Absorbing old and beautiful and young and wretched faces pass me by the hum of my wheels spinning on the pavement. Bright white sun drowns my eyes and cools my sweat, slowing for danger would be lighting on fire this warmest of spring days. A few errands to find a goal in my wandering- the hardware store for a reflector on my backpack, the thrift store across my street for a sweatshirt likely needed in an hour. Packing up I turn downtown in hopes of finding food and drink I have yet to discover.
I park my bicycle and walk to streets I usually don’t. Near the cobblestone road that parallels the railroad west, an old building rises and a neon light beats the sunset’s glow. “the Depot”. I glance inside at the dim-lit bricks, order a beer and eat dinner alone.
There is an emptiness on the dinner floor interrupted by women speaking French or making wild accusations, young and old but mostly a dull purr. By the time the sun is gone my food is here and a train rolls out the window distracted by an exit sign and the string of lights around the glass. Romantic lighting really, but I romance only food for 25 minutes before turning inward, recognizing the loneliness of this empty bar. The restaurant on the right so mellow I fret not but make do, I fill my time accordingly.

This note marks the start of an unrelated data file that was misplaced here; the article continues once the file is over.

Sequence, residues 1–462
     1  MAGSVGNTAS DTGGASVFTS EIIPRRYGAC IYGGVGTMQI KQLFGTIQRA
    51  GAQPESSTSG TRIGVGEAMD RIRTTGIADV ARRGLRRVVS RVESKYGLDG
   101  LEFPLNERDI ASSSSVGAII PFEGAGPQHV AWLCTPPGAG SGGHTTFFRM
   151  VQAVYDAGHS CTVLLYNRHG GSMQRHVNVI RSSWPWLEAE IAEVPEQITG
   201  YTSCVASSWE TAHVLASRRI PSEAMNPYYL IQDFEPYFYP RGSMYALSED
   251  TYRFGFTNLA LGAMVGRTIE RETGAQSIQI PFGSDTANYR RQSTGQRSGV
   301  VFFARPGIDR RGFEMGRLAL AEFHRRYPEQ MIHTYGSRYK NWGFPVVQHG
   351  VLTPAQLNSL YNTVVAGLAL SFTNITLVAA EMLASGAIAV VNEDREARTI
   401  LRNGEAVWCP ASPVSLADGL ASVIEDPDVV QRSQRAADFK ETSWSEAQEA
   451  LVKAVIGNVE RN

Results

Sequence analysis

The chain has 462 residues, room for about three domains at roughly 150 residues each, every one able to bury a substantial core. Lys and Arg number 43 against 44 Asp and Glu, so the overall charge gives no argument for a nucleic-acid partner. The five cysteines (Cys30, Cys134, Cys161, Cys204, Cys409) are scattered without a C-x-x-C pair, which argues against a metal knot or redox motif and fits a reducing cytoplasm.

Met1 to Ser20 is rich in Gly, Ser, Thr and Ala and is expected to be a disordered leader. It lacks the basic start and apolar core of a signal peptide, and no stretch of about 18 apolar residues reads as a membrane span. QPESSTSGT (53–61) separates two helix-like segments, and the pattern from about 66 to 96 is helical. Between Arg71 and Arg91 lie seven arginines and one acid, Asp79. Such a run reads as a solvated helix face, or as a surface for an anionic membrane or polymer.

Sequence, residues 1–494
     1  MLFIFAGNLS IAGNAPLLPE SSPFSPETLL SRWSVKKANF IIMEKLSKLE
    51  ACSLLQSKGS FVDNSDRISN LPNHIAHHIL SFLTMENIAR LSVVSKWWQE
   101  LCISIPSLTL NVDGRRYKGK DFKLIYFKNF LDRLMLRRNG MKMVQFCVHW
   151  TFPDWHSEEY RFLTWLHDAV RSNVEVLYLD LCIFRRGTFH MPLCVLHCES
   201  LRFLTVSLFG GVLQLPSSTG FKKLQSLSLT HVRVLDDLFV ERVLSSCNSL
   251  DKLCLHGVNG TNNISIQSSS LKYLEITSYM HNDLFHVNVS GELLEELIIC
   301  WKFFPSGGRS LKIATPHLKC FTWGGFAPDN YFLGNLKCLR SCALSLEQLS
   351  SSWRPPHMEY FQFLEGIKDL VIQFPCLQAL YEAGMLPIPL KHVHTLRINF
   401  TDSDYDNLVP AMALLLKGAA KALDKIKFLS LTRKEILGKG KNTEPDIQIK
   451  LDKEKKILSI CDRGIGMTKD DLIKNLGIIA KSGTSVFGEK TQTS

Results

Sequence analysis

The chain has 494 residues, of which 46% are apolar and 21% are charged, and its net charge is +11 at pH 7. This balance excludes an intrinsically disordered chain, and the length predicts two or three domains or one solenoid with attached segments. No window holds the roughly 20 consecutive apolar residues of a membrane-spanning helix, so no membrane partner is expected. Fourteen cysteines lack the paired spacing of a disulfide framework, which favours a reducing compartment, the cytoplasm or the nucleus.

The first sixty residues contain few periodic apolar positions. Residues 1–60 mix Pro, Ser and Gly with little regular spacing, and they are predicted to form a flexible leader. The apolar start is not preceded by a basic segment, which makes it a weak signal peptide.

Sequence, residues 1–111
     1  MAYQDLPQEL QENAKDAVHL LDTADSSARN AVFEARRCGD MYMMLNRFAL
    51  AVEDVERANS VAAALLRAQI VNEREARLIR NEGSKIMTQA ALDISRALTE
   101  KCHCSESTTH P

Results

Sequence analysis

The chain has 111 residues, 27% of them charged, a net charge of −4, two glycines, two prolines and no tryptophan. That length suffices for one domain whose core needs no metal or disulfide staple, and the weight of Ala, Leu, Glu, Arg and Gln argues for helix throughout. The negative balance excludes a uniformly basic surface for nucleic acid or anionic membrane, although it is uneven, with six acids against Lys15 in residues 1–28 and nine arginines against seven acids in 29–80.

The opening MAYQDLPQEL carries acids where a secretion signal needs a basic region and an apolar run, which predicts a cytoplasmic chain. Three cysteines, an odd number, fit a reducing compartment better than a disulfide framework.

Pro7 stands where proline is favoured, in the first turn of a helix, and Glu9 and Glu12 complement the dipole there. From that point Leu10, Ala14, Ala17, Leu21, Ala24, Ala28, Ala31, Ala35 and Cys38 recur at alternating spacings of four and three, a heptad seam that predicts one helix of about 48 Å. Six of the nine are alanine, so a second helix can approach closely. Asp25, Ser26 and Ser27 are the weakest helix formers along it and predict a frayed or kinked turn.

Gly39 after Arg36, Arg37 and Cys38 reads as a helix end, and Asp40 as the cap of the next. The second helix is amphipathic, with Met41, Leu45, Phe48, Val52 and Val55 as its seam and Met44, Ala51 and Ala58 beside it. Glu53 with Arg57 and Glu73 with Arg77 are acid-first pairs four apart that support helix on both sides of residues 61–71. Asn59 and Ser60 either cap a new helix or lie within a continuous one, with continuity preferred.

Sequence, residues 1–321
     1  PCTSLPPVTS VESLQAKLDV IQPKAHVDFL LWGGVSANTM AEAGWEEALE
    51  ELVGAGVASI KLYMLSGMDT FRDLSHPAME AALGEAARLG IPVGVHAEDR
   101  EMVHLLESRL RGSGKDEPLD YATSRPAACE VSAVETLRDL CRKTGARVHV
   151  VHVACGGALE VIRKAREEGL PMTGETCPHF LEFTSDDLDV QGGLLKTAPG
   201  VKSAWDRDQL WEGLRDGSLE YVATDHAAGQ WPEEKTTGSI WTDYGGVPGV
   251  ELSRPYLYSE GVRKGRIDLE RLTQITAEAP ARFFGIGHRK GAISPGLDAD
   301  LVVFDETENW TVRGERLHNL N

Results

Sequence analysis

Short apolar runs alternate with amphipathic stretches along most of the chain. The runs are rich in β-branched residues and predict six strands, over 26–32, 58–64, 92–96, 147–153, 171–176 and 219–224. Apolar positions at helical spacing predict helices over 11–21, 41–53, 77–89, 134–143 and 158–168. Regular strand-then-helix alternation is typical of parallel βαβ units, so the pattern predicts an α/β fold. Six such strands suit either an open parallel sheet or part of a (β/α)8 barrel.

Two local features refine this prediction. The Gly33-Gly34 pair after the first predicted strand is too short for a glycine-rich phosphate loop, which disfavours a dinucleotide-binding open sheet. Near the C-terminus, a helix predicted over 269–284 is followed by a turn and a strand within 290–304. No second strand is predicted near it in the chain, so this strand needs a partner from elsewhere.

Intuiting the relationships of the man and women working around me, their lives seem like an interesting extension of my own for such a short time. These are people, not bartenders and waitresses I say to myself after asking for another beer. Look, he’s doing homework back there and she’s talking about her problems. Why can’t we all be getting along without money and booze involved?
On the way home the dark dares me to desert my pride and flow with the traffic. I’m leaving this place at the moment I’ve learned it.